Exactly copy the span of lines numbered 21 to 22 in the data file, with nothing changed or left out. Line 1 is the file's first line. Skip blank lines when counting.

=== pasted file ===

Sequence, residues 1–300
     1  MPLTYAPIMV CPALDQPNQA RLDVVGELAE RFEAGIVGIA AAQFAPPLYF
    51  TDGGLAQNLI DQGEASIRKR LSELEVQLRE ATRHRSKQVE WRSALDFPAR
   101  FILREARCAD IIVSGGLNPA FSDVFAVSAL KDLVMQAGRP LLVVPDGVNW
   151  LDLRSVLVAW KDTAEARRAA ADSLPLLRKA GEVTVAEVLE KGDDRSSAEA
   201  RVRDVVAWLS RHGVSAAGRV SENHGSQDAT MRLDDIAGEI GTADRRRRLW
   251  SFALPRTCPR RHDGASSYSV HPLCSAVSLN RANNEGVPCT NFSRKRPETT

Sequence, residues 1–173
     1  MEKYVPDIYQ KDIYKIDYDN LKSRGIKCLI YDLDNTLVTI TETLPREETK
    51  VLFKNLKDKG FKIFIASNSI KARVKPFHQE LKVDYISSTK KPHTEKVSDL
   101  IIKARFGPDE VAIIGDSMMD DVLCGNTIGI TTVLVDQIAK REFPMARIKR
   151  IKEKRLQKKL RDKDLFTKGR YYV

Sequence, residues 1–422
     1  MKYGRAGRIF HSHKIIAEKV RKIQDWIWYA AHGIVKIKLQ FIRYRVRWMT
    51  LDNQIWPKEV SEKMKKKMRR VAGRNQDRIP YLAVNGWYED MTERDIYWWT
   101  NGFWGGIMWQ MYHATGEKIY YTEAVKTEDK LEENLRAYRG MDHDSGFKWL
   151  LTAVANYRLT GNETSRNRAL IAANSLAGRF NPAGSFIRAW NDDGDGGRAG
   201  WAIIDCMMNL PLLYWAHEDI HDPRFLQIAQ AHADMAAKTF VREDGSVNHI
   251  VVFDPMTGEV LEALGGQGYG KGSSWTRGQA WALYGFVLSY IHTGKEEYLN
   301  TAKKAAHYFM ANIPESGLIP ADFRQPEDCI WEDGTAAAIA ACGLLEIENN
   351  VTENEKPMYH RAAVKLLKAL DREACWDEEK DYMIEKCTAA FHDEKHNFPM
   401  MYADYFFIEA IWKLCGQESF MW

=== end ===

   351  VTENEKPMYH RAAVKLLKAL DREACWDEEK DYMIEKCTAA FHDEKHNFPM
   401  MYADYFFIEA IWKLCGQESF MW